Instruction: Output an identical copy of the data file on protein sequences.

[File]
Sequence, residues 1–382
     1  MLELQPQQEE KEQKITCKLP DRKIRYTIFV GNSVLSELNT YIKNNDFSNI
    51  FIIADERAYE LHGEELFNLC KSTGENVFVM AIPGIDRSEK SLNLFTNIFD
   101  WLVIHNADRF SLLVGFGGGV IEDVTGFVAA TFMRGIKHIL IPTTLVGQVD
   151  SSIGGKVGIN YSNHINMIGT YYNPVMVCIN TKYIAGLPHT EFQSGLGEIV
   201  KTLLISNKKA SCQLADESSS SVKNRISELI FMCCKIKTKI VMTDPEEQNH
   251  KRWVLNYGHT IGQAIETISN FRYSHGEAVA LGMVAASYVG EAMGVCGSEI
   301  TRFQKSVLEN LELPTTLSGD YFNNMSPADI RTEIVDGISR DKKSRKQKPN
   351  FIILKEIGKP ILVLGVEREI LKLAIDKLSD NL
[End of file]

Sequence, residues 1–382
     1  MLELQPQQEE KEQKITCKLP DRKIRYTIFV GNSVLSELNT YIKNNDFSNI
    51  FIIADERAYE LHGEELFNLC KSTGENVFVM AIPGIDRSEK SLNLFTNIFD
   101  WLVIHNADRF SLLVGFGGGV IEDVTGFVAA TFMRGIKHIL IPTTLVGQVD
   151  SSIGGKVGIN YSNHINMIGT YYNPVMVCIN TKYIAGLPHT EFQSGLGEIV
   201  KTLLISNKKA SCQLADESSS SVKNRISELI FMCCKIKTKI VMTDPEEQNH
   251  KRWVLNYGHT IGQAIETISN FRYSHGEAVA LGMVAASYVG EAMGVCGSEI
   301  TRFQKSVLEN LELPTTLSGD YFNNMSPADI RTEIVDGISR DKKSRKQKPN
   351  FIILKEIGKP ILVLGVEREI LKLAIDKLSD NL